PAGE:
Nine years on from the Fukushima disaster, the Tokyo Olympics are giving the crippled region fresh hope
Squatting among the eustoma flowers in his 4,000-square-kilometer greenhouse at Namie, Fukushima, Hiroshi Kawamura cannot take his eyes off the budding plants. In two weeks, his flowers will be sold in Tokyo shops and brighten thousands of the city’s living rooms.
Kawamura has been in the flower business since 2014, three years after the earthquake, tsunami and nuclear disaster struck this town on March 11, 2011.
As the ninth anniversary of the tragedy approached, he learned that his flowers will be used in bouquets for medal ceremonies at the Tokyo Olympics.
“It is exciting news that our flowers will be presented to the Olympic medalists,” the 64-year-old said. “It is a positive message for the reconstruction of Namie and other disaster-stricken regions.”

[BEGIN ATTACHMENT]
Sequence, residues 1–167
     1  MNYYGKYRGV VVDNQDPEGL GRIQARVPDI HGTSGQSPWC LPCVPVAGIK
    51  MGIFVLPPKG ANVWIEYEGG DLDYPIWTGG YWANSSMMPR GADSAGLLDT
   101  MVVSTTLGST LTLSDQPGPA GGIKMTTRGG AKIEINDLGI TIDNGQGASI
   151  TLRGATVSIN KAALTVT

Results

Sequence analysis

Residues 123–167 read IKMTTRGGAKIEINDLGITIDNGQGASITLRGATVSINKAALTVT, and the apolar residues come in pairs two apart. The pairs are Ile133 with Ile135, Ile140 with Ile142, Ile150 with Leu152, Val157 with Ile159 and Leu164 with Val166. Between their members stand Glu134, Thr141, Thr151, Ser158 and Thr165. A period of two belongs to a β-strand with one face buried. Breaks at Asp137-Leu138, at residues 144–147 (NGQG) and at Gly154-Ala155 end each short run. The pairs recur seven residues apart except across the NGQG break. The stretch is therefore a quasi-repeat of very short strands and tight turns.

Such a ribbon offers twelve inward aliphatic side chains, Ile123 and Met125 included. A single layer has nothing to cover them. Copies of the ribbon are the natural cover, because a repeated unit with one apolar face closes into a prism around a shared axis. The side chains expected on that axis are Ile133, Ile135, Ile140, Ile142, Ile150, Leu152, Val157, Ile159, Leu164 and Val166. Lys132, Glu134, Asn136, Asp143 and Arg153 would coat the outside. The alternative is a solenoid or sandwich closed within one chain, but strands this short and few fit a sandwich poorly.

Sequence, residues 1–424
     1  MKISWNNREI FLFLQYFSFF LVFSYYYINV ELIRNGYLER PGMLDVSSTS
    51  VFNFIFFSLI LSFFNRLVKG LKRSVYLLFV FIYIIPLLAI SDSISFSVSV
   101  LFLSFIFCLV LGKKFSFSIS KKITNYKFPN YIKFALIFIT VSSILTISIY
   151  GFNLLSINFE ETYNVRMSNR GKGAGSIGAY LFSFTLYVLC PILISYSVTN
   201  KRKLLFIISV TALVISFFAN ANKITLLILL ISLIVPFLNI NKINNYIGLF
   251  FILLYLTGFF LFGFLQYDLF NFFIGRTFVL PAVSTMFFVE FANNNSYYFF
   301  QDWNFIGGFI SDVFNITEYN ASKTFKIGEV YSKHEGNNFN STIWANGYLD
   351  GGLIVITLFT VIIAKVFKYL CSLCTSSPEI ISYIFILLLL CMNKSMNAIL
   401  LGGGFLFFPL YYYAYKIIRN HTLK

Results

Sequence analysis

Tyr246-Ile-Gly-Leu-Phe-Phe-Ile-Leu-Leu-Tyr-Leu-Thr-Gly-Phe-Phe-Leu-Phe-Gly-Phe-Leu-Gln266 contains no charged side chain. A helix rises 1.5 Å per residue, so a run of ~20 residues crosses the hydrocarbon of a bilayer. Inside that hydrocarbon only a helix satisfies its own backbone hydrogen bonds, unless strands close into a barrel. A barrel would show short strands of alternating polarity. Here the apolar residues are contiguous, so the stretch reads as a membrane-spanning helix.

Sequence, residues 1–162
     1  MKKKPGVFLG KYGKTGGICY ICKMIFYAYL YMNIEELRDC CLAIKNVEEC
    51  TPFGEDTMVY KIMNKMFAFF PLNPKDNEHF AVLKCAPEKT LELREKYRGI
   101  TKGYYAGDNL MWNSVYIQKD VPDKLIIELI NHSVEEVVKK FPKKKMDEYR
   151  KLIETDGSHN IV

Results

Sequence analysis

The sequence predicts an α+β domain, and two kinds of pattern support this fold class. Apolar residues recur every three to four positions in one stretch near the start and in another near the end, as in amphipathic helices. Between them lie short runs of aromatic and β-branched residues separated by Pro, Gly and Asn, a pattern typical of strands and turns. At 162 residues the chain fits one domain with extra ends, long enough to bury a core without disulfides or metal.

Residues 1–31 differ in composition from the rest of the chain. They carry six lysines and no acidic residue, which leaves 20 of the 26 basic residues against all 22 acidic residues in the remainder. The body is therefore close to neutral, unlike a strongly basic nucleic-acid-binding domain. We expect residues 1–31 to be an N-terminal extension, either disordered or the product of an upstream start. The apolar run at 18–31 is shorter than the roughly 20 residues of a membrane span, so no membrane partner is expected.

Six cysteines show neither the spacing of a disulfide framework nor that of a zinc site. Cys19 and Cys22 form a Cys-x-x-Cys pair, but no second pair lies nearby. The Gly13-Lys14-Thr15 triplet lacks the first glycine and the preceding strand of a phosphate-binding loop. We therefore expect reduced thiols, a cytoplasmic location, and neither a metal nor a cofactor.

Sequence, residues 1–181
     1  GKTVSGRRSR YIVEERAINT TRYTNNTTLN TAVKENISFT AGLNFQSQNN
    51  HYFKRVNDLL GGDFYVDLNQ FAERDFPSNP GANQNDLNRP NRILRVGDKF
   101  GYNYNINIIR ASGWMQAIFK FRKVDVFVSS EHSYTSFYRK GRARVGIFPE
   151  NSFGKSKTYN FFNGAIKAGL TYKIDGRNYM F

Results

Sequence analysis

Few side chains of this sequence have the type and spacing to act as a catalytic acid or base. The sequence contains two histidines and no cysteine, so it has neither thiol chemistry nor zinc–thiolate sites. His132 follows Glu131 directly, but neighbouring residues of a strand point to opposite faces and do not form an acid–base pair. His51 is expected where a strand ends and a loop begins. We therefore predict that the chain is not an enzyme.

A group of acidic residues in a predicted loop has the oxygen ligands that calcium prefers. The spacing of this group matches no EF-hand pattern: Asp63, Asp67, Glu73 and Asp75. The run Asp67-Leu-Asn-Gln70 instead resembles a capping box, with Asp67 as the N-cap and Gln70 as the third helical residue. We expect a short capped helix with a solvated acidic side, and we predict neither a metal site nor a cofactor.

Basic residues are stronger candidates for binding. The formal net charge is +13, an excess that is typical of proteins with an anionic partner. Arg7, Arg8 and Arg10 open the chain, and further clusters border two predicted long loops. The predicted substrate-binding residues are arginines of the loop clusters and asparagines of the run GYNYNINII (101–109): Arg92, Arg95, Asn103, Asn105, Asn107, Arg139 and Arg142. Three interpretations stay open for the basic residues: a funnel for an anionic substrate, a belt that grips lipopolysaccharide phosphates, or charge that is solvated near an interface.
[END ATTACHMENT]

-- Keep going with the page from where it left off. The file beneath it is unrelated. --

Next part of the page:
The former welfare worker initially grew vegetables after becoming one of the first groups of locals to return home in 2013. But his produce could not be sold due to radiation concerns, so he began growing flowers.
With five people, including two disabled, working for him, Kawamura hopes that the Olympics will further help the area’s recovery and encourage young people to return.
“For the Olympics, I have to increase the current harvest fourfold so I need to find more people to help me,” he said.